Samuel was posted to the 44th Battalion as the senior officer of “C” company, and further distinguished himself on the Western Front, where he was awarded the Military Cross, French Croix de Guerre and another Mention in Despatches.

He was attached to the 11th Infantry Brigade Headquarters as a Staff Captain in 1917 and became a G.S.O. 3rd Grade with 3rd Division Headquarters, 1917-18. At the end of 1918 Samuel returned to England, and whilst there he took non-military employment leave to work for the insurance firm Thornett and Fehr from June until the end of November 1919.

At some stage Alice had joined him in London, and they returned to Australia on the ship Morea on 18th October. His appointment in the AIF was terminated on 13th February 1920.

Between the Wars

Shortly after his return to Australia, Samuel and Alice moved to Sydney, where Samuel was able to resume his employment with the English insurance firm. Their first child, Hazel Alice Archibald Jackson, was born in Perth in 1920, possibly prior to Alice’s move to Sydney, and their second child, Murray Archibald Jackson, was born in Sydney in 1922. In Sydney, both Samuel and Alice changed their careers. Samuel retrained as an accountant and auditor and worked in that profession; Alice switched to journalism and had a very successful career as a journalist and editor, as her entry in the Australian Dictionary of Biography attests. She was on the staff of the Australian Women’s Weekly from its inception in 1933, working under founding editor George Warnecke, effectively as second-in-charge, and was formally appointed editor in 1939 - the first woman editor of the magazine. The Jacksons lived at various addresses in Sydney, including Centennial Park and Rose Bay.

World War 2

On 20th October 1942 Samuel attested for service with the Australian Military Forces, having been called up from the reserve of Samuel Jackson alice jackson 160x300officers whilst living in Sydney. With his prior service in the C.M.F. he served from 2nd October 1939 until 10 July 1946, and was aged 49 when he commenced full time war service in 1939.

In 1940 he served with the Department of Information, and was later transferred to the Australian Intelligence Corps with the rank of Major, and later temporary Lieutenant Colonel. He was primarily based in Sydney, but was also seconded for a time to the post of Deputy Director of Security in Victoria. In 1945 he was appointed as an Hon. Aide-de-Camp to the Governor General of Australia, but relinquished this post in January 1946. He remained in the Service until July 1946, with the rank of Lieutenant Colonel. During this time, and for some years after the war ended, the Jacksons lived in an apartment at 211 Elizabeth Street, Sydney, which provided a convenient central base for their various wartime activities.

Alice, working as a journalist and an accredited war correspondent, toured defence establishments in Western Australia and Port Moresby in 1943, and in 1945 she went overseas to report on the UN Conference in San Francisco, and to inspect war damage in Europe. Their children by this stage were forging careers of their own, Hazel following her mother into journalism and Murray in 1946 was a medical student.

Post World War 2

Samuel was employed by the Department of External Affairs in 1947, and served in occupied Japan where he was also Australian representative on the United Nations Temporary Commission on Korea.

In 1950 Alice moved from her long-time employer The Australian Women’s Weekly to its rival Woman’s Day, which necessitated a move to Melbourne. However she left that post after 15 months to return to Sydney to rejoin her husband, and in 1958 they were living at Edgecliff and in 1963 in Paddington in Sydney’s east. In their later years they retired to Glenorie, a rural settlement in the Hawkesbury district north-west of Sydney.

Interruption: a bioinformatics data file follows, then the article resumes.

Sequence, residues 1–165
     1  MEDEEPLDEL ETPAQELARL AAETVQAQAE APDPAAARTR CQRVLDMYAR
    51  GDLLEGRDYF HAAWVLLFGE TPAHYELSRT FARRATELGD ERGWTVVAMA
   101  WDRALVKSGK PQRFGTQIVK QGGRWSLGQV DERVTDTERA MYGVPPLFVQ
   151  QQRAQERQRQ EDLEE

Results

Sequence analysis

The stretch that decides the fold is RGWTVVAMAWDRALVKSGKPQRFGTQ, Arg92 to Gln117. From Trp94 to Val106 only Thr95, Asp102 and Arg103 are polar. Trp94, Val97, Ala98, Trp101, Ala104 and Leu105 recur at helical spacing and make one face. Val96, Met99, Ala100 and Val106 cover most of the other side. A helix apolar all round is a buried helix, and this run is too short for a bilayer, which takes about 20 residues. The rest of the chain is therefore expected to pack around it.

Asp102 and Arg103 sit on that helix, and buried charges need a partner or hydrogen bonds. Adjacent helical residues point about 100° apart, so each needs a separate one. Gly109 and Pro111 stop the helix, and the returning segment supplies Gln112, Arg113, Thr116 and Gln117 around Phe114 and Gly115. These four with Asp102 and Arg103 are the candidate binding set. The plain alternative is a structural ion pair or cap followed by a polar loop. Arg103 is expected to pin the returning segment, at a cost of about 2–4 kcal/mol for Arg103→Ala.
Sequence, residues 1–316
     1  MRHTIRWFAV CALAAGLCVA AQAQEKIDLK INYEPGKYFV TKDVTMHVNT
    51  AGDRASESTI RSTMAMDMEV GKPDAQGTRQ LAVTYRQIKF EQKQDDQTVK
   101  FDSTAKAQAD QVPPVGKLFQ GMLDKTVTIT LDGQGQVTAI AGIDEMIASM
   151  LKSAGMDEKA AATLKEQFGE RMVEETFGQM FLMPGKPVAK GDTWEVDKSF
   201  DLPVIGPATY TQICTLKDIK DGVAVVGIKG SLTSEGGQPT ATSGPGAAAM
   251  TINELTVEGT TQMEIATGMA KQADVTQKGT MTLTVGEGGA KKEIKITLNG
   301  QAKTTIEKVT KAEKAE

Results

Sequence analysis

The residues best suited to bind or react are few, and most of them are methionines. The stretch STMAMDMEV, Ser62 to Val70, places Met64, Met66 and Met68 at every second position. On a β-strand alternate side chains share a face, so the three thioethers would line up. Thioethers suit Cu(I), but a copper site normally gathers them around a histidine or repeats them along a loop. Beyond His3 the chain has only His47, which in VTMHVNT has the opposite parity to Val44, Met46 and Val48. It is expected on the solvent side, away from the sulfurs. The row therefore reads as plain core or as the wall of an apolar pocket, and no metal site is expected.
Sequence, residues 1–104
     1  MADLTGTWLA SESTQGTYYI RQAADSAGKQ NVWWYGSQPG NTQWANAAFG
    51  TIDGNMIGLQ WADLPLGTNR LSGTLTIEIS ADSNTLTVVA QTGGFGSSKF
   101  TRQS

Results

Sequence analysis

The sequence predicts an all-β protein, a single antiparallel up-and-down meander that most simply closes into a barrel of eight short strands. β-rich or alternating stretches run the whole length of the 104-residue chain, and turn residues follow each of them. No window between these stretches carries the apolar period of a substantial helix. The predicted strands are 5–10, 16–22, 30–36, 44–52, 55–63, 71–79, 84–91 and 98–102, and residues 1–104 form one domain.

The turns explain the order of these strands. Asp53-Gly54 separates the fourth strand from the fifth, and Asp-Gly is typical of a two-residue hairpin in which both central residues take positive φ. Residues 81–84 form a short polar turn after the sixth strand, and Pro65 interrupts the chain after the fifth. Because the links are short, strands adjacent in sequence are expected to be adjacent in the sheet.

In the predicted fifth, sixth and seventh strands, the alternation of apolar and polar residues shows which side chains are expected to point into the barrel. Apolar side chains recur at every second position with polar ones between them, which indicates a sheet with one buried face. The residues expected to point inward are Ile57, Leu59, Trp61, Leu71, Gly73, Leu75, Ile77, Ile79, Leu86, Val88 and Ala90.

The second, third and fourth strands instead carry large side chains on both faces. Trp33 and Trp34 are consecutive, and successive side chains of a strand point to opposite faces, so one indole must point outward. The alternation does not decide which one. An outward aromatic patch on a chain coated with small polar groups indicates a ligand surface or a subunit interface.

Samuel died in 1968 at Hornsby, aged 78, and Alice died in 1974 at Meadowbank, Sydney.Their daughter and son survived them.

Murray Jackson went on to have a distinguished career in psychiatry, based in London where he had gone to further his studies after graduating in medicine from Sydney University. He died in 2011 at his home in France.

Hazel Jackson graduated in Arts from Sydney University, subsequently joining the W.A.A.A.F., travelled widely as an accredited journalist and in 1950 was covering the Korean War for Woman’s Day and Home, following in Alice’s footsteps. She married in 1958 and died in Sydney in 1987. 

Croix de Guerre 1914 1918 113x300Samuel had survived the Gallipoli landing and the fighting on the Western Front, had a distinguished military record, rising through the ranks of the military to the rank of Lieutenant-Colonel, and both Samuel and Alice in their respective fields had made a significant contribution to Australian society.

Samuel’s mother Sarah died in Perth in 1919 and his father Samuel remained in Perth and died in 1941 at the age of 86 years. He lived with his daughter Frances in Hill View Road, Mt Lawley after the death of Sarah.

Frances became a well-known and highly regarded Art Mistress at the Perth Girls’ School, having studied art in London and Paris, and she also held Exhibitions of her work from time to time. She died in 1970, aged 83, and is buried with her parents in a shared grave at Karrakatta Cemetery, Perth.

One of Samuel’s brothers, David Alexander Jackson, an architect, was killed on 7th August 1915 at the Lone Pine charge at Gallipoli.

An older brother, Robert Edward Jackson, also had a very distinguished military career spanning both world wars, and retired in 1946 as a Major-General. He died in 1948 whilst living in Sydney, and was buried with full military honours. His two sons also had careers in the military.

The eldest of Samuel’s brothers, John Stuart Jackson, sadly lost his life prematurely in 1912 while attempting to save a drowning woman at Caloundra in Queensland, while the youngest brother, Albert Woodland Jackson, entered the Wesleyan ministry and later moved to the United States to undertake further study, and he remained there as minister of a church in Connecticut.

Researched and written by Trish Allen


National Library of Australia. Trove (http://trove.nla.gov.au)

National Archives of Australia (www.naa.gov.au) (includes Service Record, WW1 and WW2 for Samuel Henry Jackson)

Australian Dictionary of Biography online (Heather Radi, ‘Jackson, Alice Mabel (1887-1974)’

Ancestry (www.ancestry.com) Queensland bdm index online (http://www.qld.gov.au/law/)

Gill, Ian: Fremantle to France: 11th Battalion, A.I.F. 1914-1919. pp.192-194

James Hurst: Game to the Last. 11th Australian Infantry Battalion at Gallipoli.

Perth Metropolitan Cemeteries Board (http://www.mcb.wa.gov.au